Tuesday was an eventful day for political announcements — and curiously, the epicenter of the news was sprawling by sparsely populated Idaho County.
Idaho County Commissioner Jim Chmelik said he will take on incumbent Lt. Gov. Brad Little in the May 20 GOP primary.
“It’s time the Republican Party present opposition to what the federal government is bringing into Idaho in terms of health care, education and (public) lands,” Chmelik told the Lewiston Tribune’s Bill Spence. “I think we’re going down the wrong road and I’m going to stand up and say something about it.”
Chmelik, a second-term commissioner, has been an outspoken advocate of transferring federal lands into state management. A legislative interim committee is studying that issue and will make recommendations in 2015 — although the 2013 Legislature already went on record in support of a transfer, saying it would help boost public school funding.
Little, appointed in 2009 and elected in 2010, announced his re-election plans in September.
Lieutenant governor is a part-time post with limited responsibilities. The lieutenant governor presides over the state Senate and casts tie-breaking votes — a rarity in a 35-member chamber. As second in command in the executive branch, the lieutenant governor stands in when the governor is out of state or incapacitated.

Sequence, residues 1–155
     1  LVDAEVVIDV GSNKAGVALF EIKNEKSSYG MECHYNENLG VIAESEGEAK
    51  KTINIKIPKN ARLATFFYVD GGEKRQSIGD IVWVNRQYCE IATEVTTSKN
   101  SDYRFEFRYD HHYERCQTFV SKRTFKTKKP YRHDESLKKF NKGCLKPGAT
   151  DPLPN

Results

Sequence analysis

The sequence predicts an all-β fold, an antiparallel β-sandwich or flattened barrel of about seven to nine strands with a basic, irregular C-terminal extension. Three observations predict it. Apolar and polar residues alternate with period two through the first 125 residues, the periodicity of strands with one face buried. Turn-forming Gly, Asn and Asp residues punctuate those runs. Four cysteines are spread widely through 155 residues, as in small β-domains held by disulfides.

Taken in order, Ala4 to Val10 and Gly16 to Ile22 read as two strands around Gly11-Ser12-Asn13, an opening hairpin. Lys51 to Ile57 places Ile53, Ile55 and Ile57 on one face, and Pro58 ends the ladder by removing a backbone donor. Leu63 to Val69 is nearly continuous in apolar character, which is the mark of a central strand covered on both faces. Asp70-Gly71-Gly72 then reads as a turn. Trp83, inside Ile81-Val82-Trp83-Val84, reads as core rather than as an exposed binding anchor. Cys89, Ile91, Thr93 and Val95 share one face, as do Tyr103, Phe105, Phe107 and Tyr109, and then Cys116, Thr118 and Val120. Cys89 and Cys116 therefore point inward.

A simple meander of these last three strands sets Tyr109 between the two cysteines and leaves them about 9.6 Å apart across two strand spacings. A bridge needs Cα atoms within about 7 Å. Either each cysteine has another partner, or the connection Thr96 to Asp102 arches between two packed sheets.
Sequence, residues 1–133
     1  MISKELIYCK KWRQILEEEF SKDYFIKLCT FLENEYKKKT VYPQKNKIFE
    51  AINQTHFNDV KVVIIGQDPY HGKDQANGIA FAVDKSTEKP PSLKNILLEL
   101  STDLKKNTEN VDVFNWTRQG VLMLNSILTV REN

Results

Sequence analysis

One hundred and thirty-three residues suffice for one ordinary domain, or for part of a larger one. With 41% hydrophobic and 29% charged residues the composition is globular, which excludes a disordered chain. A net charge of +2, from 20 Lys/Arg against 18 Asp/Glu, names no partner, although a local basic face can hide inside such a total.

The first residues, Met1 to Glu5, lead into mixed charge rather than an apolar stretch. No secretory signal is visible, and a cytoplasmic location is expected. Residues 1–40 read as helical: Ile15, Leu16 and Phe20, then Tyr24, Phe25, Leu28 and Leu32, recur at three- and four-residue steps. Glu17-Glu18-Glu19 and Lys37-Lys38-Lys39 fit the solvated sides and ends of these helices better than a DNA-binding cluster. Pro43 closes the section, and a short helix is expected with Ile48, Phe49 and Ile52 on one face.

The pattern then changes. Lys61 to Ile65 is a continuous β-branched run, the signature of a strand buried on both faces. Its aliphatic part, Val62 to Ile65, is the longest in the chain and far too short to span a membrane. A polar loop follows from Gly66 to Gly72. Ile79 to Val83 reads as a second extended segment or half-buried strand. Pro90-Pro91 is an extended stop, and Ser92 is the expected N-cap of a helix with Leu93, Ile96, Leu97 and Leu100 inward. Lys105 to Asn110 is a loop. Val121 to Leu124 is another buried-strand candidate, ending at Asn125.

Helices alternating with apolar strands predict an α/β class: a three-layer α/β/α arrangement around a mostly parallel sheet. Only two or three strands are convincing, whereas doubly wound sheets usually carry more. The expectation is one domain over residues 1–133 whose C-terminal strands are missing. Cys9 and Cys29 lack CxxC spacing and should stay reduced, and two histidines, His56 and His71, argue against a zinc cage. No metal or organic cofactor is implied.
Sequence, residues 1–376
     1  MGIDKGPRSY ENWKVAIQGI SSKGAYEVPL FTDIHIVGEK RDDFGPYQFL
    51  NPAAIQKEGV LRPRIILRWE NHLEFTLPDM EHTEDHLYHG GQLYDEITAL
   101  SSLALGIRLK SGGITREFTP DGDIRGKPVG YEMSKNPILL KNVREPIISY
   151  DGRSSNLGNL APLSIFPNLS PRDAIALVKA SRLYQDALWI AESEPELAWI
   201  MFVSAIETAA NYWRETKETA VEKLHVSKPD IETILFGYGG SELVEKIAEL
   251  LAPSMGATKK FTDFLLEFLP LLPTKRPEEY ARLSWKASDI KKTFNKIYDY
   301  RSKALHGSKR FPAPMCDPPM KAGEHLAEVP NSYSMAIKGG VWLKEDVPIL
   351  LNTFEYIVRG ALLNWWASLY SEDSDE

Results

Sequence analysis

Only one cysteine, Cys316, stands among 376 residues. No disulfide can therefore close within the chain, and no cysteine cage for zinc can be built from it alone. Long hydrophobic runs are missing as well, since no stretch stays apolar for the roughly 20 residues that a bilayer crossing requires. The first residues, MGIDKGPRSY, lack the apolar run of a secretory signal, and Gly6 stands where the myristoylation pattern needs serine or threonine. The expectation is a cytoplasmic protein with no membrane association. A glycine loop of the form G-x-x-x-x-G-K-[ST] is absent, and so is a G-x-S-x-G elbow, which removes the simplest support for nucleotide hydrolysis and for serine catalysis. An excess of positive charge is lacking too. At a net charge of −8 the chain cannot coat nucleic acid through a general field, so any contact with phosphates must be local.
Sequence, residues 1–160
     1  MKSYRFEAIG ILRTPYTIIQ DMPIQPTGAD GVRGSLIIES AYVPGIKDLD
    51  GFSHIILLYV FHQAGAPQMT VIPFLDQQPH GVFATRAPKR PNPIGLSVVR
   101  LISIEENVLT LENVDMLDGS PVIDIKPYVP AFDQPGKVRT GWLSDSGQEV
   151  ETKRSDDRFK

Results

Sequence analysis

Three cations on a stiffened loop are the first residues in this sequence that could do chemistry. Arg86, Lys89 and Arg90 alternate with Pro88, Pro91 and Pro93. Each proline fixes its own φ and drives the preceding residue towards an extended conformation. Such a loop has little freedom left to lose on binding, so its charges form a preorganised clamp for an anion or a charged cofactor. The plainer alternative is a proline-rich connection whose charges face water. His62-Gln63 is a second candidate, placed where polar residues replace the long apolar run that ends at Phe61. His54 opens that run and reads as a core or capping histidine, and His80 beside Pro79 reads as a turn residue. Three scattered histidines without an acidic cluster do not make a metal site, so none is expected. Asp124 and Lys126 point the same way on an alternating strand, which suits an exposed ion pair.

Chmelik shared Tuesday’s spotlight with John Eynon — a Grangeville resident who teaches music and drama at Cottonwood’s Prairie Junior-Senior High School. Eynon announced his plans to run for state schools superintendent Tuesday, centering his campaign around the Idaho Core Standards championed by incumbent Tom Luna and other leading Idaho Republicans.
How unlikely is it for Idaho County to hold sway over the political news cycle, even for one day?
Consider the numbers. While Idaho County is the state’s most sprawling county, at 8,503 square miles, it ranks just 20th in population. According to 2012 U.S. Census Bureau estimates, the county’s population is 16,308.